Elizabeth Warren: Federal expansion of overtime rules is ‘a big deal’

FILE - In this Oct. 6, 2015 file photo, Sen. Elizabeth Warren, D-Mass., asks a question of Secretary of Energy Ernest Moniz during a Senate Energy and Natural Resources Committee hearing on the strategic petroleum reserve and energy security issues, on Capitol Hill in Washington. Warren is mocking her U.S. Senate colleague Ted Cruz for an email that lists some of the sacrifices Cruz has made on the campaign trail — from time away from his family to sleep deprivation. The Massachusetts Democrat fired off a series of tweets Tuesday, April 19, 2016, aimed at the Republican presidential hopeful from Texas. (AP Photo/Jacquelyn Martin, File) Jacquelyn Martin / AP

The federal government is about to give millions of people a raise, and Sen. Elizabeth Warren is fully on board.

President Barack Obama announced Tuesday night that the Department of Labor will change the rules around overtime pay, doubling the threshold for time-and-a-half pay for salaried workers who put in more than 40 hours a week.

“Anyone who puts in a hard day’s work deserves a fair day’s pay,” Warren said, “and today the Department of Labor released an overtime pay rule that helps makes that happen.”

Currently, the threshold for workers entitled to overtime stands at $455 per week, or $23,660 annually. On December 1, when the new rule goes into effect, it will go up to $913 per week, or $47,476 a year.


The change will make 35 percent of full-time salaried workers entitled to overtime pay, up from 7 percent currently, according to the Labor Department. The change will cover 4.2 million new workers, according to the department.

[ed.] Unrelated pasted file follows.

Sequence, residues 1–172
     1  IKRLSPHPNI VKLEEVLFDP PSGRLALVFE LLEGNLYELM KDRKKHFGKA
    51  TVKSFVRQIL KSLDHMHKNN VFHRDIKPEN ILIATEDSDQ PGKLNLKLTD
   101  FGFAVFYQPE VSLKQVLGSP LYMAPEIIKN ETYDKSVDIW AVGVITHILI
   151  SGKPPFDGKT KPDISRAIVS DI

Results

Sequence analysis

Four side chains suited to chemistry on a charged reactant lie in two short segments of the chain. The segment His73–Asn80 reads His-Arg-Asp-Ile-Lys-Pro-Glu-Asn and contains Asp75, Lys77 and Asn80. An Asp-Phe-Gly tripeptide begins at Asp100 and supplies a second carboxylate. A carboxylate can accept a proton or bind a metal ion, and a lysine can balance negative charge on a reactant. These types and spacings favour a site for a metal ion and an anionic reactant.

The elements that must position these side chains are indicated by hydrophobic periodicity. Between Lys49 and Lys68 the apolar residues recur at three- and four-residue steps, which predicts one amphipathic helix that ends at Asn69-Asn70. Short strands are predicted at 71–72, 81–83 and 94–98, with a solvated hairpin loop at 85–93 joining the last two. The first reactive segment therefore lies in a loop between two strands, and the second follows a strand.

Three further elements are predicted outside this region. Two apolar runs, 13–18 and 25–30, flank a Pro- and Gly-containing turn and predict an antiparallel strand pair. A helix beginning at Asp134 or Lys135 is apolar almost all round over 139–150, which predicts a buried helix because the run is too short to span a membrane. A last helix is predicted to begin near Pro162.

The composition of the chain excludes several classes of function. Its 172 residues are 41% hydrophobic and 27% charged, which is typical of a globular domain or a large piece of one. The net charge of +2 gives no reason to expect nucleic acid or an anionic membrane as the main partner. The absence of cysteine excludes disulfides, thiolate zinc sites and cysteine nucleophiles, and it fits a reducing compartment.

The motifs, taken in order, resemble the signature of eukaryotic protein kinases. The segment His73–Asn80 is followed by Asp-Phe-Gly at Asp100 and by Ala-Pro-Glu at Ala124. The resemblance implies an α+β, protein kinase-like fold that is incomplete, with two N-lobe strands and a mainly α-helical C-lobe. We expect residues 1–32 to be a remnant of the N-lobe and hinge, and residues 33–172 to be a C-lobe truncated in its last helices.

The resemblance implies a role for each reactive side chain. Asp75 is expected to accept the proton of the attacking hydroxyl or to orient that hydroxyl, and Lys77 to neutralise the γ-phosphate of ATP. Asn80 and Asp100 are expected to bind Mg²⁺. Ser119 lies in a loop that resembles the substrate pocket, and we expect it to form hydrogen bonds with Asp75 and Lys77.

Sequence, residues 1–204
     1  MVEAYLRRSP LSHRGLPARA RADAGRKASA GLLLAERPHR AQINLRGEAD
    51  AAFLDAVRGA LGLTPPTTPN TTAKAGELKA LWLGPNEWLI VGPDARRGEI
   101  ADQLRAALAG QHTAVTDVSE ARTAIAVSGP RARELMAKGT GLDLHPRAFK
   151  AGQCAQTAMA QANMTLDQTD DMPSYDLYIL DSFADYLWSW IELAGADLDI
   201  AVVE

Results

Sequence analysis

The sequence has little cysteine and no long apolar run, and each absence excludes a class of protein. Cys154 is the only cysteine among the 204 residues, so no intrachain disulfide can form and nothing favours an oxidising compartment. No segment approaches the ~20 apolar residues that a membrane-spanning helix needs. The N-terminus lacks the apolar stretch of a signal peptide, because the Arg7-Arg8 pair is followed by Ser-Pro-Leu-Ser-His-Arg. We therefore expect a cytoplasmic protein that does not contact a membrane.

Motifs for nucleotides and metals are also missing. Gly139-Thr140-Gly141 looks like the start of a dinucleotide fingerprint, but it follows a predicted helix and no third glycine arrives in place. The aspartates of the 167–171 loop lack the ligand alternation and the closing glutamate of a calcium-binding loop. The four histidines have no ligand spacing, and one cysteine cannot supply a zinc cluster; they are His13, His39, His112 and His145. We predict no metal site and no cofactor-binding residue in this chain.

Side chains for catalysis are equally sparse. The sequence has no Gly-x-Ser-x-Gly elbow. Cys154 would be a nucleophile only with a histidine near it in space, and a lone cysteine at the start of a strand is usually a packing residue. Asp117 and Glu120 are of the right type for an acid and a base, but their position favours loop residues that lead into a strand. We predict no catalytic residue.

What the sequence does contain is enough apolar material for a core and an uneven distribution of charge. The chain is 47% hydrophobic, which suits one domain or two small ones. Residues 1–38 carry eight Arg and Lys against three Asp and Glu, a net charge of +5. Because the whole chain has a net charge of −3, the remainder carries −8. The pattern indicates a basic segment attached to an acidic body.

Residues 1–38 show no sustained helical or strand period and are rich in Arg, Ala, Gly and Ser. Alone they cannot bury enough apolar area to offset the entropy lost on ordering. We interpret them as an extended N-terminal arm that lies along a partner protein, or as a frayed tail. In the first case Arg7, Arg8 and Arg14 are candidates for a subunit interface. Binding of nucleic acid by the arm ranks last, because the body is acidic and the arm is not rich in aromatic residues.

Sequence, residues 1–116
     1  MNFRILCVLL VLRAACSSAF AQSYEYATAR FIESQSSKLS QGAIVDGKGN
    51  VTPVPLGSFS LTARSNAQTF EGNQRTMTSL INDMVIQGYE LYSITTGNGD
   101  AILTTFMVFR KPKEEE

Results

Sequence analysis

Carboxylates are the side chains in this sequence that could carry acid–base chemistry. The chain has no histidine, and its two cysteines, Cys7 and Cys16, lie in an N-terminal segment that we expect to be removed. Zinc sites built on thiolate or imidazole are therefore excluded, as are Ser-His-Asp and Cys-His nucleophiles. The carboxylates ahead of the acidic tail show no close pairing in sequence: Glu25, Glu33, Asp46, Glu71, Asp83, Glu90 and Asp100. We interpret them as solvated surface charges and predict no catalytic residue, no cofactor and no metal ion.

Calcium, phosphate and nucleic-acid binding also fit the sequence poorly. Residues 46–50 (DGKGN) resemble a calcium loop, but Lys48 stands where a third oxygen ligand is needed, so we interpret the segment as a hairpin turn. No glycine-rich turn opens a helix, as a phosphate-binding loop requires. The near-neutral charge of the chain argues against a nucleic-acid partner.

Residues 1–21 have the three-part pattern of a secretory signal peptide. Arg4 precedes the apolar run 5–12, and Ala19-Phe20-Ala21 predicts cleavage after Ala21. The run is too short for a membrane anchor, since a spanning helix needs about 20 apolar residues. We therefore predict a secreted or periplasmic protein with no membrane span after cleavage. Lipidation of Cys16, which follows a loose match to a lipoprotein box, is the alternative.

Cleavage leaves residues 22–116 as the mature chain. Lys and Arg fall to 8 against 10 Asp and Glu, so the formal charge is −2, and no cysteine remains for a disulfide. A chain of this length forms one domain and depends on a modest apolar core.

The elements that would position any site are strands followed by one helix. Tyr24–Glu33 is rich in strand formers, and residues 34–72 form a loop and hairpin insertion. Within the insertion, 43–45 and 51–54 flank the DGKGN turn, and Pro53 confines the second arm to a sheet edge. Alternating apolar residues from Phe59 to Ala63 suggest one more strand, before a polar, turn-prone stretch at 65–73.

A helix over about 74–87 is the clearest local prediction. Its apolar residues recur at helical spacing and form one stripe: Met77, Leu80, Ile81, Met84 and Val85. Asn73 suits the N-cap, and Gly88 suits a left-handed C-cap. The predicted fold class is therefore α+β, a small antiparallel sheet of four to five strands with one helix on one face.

Unlike the current regulation, which had not been updated since 2004, the rule will automatically update the threshold every three years based on wage growth over time. In his announcement Tuesday, Obama noted Tuesday that the overtime threshold covered 60 percent of salaried workers in 1975.

As the Associated Press reported, however, not all are happy with the rule change, as business associations argued it would equate to a demotion for many workers, who could be switch to hourly pay and assigned fewer hours.

“With the stroke of a pen, the Labor Department is demoting millions of workers,” David French, a senior vice president for the National Retail Federation, told the AP. “Most of the people impacted by this change will not see any additional pay.”

Warren acknowledged that many companies and trade associations had “flooded” the Labor Department with criticisms, but also noted that “workers and their families spoke up too.”

“The DOL listened, closing the loopholes and dramatically increasing the number of workers in all 50 states who will soon have access to overtime pay,” the Massachusetts senator said. “When these changes take effect in December they will give millions of Americans a fighting chance to build more financial security – and that’s a big deal!”


Earlier this month, Warren released a report in support the rule change, highlighting the impact it would have in workers in each of the 50 states. In Massachusetts, the change would triple the number of workers eligible for overtime, from 101,000 to 382,000 people. Of those who’d get the overtime pay, 55 percent would be women, according to Warren.


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